Welcome to Brick Reformed Church!

Our congregation was founded in central North Carolina over 250 years ago by immigrants from Germany. Since then faithful people have been gathering here to worship and glorify God. Thanks for visiting our website, and we hope you’ll visit Brick Church this Sunday.

 

 


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A Word for Wednesday…Caroling

“How could we sing the Lord’s song in a foreign land?” (Psalm 137:1-4)

This past Sunday a group of us from our church spent the greater part of the afternoon singing Christmas carols to members of our community. The “lucky winners” were not chosen at random, but were all somehow connected to our Church, and, for various reasons, will not likely be able to attend Christmas services. Our goal was to take Christmas to them. We can only hope they were blessed as much as we were.

One of the homes we visited was occupied by a woman struggling through the final stages of Alzheimers and her care-giver, who greeted us warmly as we entered, even joining us as we began to sing. There wasn’t anything unique about this particular stop at first, but slowly, one by one, each person begin to notice the amazing thing that was happening. The woman began to sing along, in time, correctly mouthing each word. During one song in particular, I think it was Joy to the World, a tear even formed in the corner of her eye and rolled slowly down her cheek. Some who noticed were themselves moved to tears at what they were witnessing.

Anyone unfortunate enough to be familiar with this terrible disease will understand how significant this moment was. This is a woman who rarely remembers the names of people she has known all her life, sometimes even failing to recognize them. This is a woman who has lost the ability to put together a complete sentence, or communicate a coherent thought. Yet here she was, remembering and singing the words to these long-forgotten songs and even being moved by their message.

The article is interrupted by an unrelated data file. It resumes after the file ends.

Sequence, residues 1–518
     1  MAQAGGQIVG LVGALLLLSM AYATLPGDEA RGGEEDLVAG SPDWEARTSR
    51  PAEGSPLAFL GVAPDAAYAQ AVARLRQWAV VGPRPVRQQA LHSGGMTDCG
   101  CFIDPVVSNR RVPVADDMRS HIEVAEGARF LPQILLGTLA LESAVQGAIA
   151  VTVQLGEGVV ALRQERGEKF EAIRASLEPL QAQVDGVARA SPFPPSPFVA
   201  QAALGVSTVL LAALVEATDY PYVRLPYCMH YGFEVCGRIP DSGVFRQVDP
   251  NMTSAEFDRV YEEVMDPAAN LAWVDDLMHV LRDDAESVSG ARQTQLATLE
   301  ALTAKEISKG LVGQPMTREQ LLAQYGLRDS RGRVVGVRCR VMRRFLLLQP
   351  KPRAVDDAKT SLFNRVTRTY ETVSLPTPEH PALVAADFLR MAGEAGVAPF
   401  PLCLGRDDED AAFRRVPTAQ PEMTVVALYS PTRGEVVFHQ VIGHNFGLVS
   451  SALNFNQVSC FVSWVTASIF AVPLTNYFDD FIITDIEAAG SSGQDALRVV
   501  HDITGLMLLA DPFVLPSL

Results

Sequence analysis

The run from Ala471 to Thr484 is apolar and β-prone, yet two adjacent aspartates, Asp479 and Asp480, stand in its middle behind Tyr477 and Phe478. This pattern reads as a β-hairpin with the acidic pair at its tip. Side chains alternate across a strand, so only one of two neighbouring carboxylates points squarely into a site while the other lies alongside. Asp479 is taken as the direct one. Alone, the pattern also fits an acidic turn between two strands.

It would have been every bit as amazing for the people of Israel to sing songs about their God while living in captivity in Babylon. Humiliated, exiled from their homes, mourning the loss of loved ones and the destruction of their towns, villages, and their beloved Temple, they did not feel like singing. But their faith in God was greater than their feelings, moving them to sing in spite of their circumstances, believing that one day God would make things right again.

This Christmas Season, you may not feel like singing. Maybe this is your first Christmas since a loved one passed away. Maybe you have recently received some bad news. Maybe you are experiencing something similar to the couple mentioned above; you are watching helplessly as a spouse or a parent vanishes before your eyes. Whatever your situation, you just don’t feel like singing. I pray that you can exercise your faith this holiday season. Believe that the God who came to earth as a little baby over 2,000 years ago is coming again to fix everything about this world that is broken. And sing, believing that one day every word of every song will come true.
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